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Steve jobs apple backdating
As with much of Gibney's previous work, the film is less celebration than portrait of a living contradiction—a man who, as Gibney puts it in the film's narration, was an "artist who sought perfection but could never find peace," who had "the focus of a monk, but never the empathy," a person who "offered us freedom, but only within a closed garden to which he held the key." in a bowling alley and immediately figured out a way to build his own version using a TV. While Woz created the game just for fun, Steve Jobs saw it as an opportunity."Steve came back from Reed College and saw that I had built my own game. He went down and he showed them the board and he wound up with a job." Atari founder Nolan Bushnell was impressed.
So he made the decision to put Jobs on the night shift, figuring that was one way to get "two Steves for the price of one." Bushnell put Jobs on creating a new game for the company, , and gave him four days to do it.
Woz recalls how the two of them spent four straight days working on this seemingly impossible deadline, which they somehow managed to make. "If he had said, 'I need the money,' I would have said, 'Take it all.' I was just happy to be on the project." In the summer of 1980, it became clear that Apple's IPO was going to launch in the immediate future.
Impressed with the work, Jobs told Woz that they got paid $700 for their efforts and wrote him a check for $350. Which meant that Jobs' net worth would likely skyrocket from $10 million to around $200 million.
Jobs used this time to reinvent himself and his company, which meant getting rid of a few key contributors.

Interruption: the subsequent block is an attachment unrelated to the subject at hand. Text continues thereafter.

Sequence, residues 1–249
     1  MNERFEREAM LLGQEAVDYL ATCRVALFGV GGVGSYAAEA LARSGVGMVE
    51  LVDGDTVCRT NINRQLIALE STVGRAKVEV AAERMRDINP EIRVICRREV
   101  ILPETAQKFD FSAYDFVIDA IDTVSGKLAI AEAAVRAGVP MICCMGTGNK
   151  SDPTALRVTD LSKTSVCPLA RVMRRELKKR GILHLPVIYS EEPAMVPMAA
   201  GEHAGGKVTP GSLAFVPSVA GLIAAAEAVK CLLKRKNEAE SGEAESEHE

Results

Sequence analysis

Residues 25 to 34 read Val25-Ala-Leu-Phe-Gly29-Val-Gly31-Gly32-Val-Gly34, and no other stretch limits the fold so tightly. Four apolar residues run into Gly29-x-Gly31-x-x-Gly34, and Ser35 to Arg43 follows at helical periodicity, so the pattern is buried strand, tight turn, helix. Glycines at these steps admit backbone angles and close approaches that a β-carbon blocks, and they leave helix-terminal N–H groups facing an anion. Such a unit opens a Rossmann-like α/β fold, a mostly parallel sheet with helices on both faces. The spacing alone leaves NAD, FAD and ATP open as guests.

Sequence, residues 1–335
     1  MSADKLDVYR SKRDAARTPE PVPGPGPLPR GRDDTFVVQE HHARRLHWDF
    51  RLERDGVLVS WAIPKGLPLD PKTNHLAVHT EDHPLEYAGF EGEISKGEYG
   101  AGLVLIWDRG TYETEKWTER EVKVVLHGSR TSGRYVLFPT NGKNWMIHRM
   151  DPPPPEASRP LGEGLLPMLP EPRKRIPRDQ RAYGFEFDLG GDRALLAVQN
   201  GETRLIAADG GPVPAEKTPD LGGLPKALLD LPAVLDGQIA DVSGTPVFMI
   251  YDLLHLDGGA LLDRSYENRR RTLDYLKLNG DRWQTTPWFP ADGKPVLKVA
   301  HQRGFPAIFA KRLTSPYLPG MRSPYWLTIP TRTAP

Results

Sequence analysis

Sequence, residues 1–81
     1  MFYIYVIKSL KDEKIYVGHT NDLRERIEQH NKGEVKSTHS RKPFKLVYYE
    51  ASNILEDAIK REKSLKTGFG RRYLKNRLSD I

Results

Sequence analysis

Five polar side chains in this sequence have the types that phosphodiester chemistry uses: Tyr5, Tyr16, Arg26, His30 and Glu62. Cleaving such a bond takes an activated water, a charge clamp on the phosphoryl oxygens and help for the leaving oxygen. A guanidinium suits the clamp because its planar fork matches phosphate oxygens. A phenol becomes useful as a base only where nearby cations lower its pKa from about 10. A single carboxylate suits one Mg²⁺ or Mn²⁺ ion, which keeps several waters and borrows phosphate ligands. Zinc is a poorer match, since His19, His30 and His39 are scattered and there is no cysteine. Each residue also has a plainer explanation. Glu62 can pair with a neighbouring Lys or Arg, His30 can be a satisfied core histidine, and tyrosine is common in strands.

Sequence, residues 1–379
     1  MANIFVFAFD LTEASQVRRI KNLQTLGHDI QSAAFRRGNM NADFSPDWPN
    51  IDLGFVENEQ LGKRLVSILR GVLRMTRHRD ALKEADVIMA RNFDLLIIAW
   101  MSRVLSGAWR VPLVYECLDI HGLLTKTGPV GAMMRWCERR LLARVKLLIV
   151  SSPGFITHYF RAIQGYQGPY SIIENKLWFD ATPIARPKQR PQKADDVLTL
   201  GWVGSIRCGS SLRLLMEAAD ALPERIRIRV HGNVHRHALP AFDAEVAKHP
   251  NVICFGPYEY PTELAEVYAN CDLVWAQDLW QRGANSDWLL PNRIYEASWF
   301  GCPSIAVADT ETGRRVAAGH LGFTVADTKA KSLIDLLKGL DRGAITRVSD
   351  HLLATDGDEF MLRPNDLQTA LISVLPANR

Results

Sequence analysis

While Woz left with a generous stock package and lifetime stipend, Daniel Kottke—Jobs' longtime friend and one of Apple's first employees—wasn't so lucky.
When an apple executive offered to give Kottke the same amount of stock that Jobs would give him, Jobs responded: "Fine.I'll give him zero."Jobs' reinvention went beyond his professional life.In an attempt to streamline his personal life, Jobs denied paternity of Lisa, his daughter with Chrisann Brennan, who was born on May 17, 1978.In a series of court documents filed in August of 1979, Jobs alleged that Brennan had a number of sexual partners during the time she became pregnant.As further proof that he was not the father of Lisa, Jobs claimed that "he was sterile and infertile, and, as a result thereof, did not have the physical capacity to procreate a child." (Jobs would go on to have three more children with Laurene Powell, his wife of 20 years.)In 1986, Esquire writer Joseph Nocera was invited to spend a week shadowing Jobs, from which emerged one of the of the then-31-year-old entrepreneur as he was ramping up for his post-Apple venture, Ne XT.It also gave Nocera a firsthand account of how well Jobs played with his colleagues. "If it was in a meeting and somebody said, 'Here's a great idea,' and put the idea out there and he didn't like it, he'd just chop the person into mincemeat," Nocera says."Steve ruled by a kind of a chaos," explains Bob Belleville, who served as Apple's director of engineering from 1982 to 1985."And if you're comfortable with chaos, you can use it as a tool.And he used a vast number of really irritating tools to get people involved in his schemes.He's seducing you, he's vilifying you, and he's ignoring you.You're in one of those three states."The easiest way to identify Steve Jobs—at least on the road—was by his lack of identification.